Here today at the Ordnance Survey for the UK Geospatial Mash-up. I’m speaking on GeoRSS, and there’s a very interesting cross section of folks, ideas, and software here .. more on that later. The big big news for OpenStreetMap and Mapstraction is a trio of interweaved launches…

OpenStreetMap in Nestoria UK Real Estate site Nestoria is using OpenStreetMap tiles over the Isle of Wight. This is OpenStreetMap’s first 100% complete region, in its first commercial use.

OpenStreetMap in Mapstraction OSM is an API option for Mapstraction. It’s never been easier to Switch…

On-the-fly switching in Mapstraction ..except now it’s even easier to switch, on the fly, while viewing the map!

I’ll follow up next week, with some insights on the technology and techniques that went into all this.

Big hardy hoorays go out to Etienne for work on the tiles, the team at Nestoria for being so damn cool about open data and open apis, and Steve & Tom and the OSM/Mapstraction posse.


Back to San Jose. We need Metadata.

In June, I OpenStreetMap’d suburban development in San Jose. I haven’t been back physically, but can check out the state of San Jose’s digital geography.

Reverse engineering the update schedule, provider and time source of imagery and vectors has become a kinda of amatuer geographer sport. Following Google’s last imagery update, construction cranes and shadows yielded, with fantasticals, a pretty precise date. Analysis of G-Y-M US Streets, with knowledge of Navteq/TeleAtlas data distribution, put Yahoo at 1-2 quarters ahead in street updates. In San Jose, I reckoned that someone on the construction crew could date the aerial imagery to the nearest week, based on how much orchard had been transformed into suburb.

There’s so much usefulness in knowing the temporal state of geographic data, people are willing to exert heroic geek effort to derive that metadata. However, it’s just untenable to reverse engineer the planet, especially when this information is well known to the data providers. This metadata needs to flow through the entire chain.
I was wandering Google Earth around Hetch Hetchy Resevoir, where I spent a week backpacking years ago. Multiple updates overlap this area, so summer discretely breaks to winter. Now this is almost accurate, we had a late spring snowstorm midtrip. But wouldn’t it be useful to see just summer, or just winter. It’s also necessary to have access to past data, to analyse change, the seasons, the global warming.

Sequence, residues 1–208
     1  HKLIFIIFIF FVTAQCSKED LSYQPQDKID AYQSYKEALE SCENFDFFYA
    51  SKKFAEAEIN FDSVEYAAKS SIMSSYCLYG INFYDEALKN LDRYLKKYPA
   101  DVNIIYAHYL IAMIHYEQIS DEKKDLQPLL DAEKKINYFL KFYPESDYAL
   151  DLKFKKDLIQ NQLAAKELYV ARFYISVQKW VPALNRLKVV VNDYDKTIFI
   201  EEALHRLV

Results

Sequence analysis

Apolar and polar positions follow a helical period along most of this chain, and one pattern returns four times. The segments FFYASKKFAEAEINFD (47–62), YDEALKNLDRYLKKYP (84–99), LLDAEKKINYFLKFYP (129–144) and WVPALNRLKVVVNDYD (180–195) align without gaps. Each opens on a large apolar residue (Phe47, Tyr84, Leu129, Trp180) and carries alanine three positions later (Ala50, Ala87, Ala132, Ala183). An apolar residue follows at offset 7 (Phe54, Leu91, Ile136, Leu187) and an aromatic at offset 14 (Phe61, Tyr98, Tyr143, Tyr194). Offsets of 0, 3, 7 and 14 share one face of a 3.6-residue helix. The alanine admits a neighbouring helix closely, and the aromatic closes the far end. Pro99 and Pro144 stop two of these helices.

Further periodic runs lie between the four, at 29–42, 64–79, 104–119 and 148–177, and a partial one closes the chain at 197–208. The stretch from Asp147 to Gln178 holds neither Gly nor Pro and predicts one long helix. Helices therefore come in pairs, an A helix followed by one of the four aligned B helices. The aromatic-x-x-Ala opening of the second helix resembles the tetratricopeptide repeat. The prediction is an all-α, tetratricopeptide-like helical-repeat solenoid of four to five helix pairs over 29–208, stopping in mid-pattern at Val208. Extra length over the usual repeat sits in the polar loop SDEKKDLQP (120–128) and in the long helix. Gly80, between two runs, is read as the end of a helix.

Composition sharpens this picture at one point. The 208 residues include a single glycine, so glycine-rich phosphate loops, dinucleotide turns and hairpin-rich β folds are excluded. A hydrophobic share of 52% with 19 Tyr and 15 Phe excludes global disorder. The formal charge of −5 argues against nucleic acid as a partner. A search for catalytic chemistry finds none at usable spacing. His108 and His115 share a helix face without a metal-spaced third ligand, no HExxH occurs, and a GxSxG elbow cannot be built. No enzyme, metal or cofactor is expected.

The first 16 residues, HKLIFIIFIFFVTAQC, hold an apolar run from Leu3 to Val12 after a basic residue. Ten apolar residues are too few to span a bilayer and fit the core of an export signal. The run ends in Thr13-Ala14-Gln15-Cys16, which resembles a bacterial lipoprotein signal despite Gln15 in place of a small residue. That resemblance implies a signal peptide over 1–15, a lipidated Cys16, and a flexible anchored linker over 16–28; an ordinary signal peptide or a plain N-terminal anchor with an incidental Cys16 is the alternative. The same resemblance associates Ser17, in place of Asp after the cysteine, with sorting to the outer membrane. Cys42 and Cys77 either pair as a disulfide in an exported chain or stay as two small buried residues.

Back to San Jose. Yahoo is in the lead as well, with the streets as up to date as when I visited. However, they only updated their Map Layer, not the Hybrid view, where it’s still incomplete. And there’s still an error, showing the corner of Fowler and Yerba Buena Rd as passable, when it’s been blocked off. The aerial imagery hasn’t updated.

Old Farm Equipment and New Houses

Google is exactly the same as June, no road or aerial imagery update. MSFT is about the same, except they’ve added Bird’s Eye imagery for the area, so you can just about look underneath the trees adjacent to the old rusting farm machinery I photographed.

So generally, OpenStreetMap still reins for timeliness of the data, and transparency of when it was updated.

Timeliness, transparency, and responsiveness. It’s the biggest complaint of users and the big data producers are starting to see the light on user contributions. And people, in San Jose particularly, are starting to exert the democratic rights to knowledge of their world. Add in the question of cost recovery, it seems the only reasonable way to move ever growing public geodata needs forward is OpenStreetMap and GeoRSS.


Mapstraction in Nestoria

Mapstraction, our abstract library for the G-Y-M mapping APIs, has been integrated into UK real estate site Nestoria. This is a big step forward, the first commercial use of the library. Of course it’s still completely free and open. Steve gives his take on OpenGeoData blog.

This is the first of a few big announcements over the week or so. Feel free to tremble with anticipation.


MyY 2 RSS is finding itself

Yahoo changed their authentication scheme last month, and introduced Browser Based Authentication. This has broken myy2rss, the service which converts personalized My Yahoo modules into RSS feeds.  At some point I hope to get the service back up and working. Perhaps in the mean time, Yahoo will open up an API to MyY, as they have with so many other great services.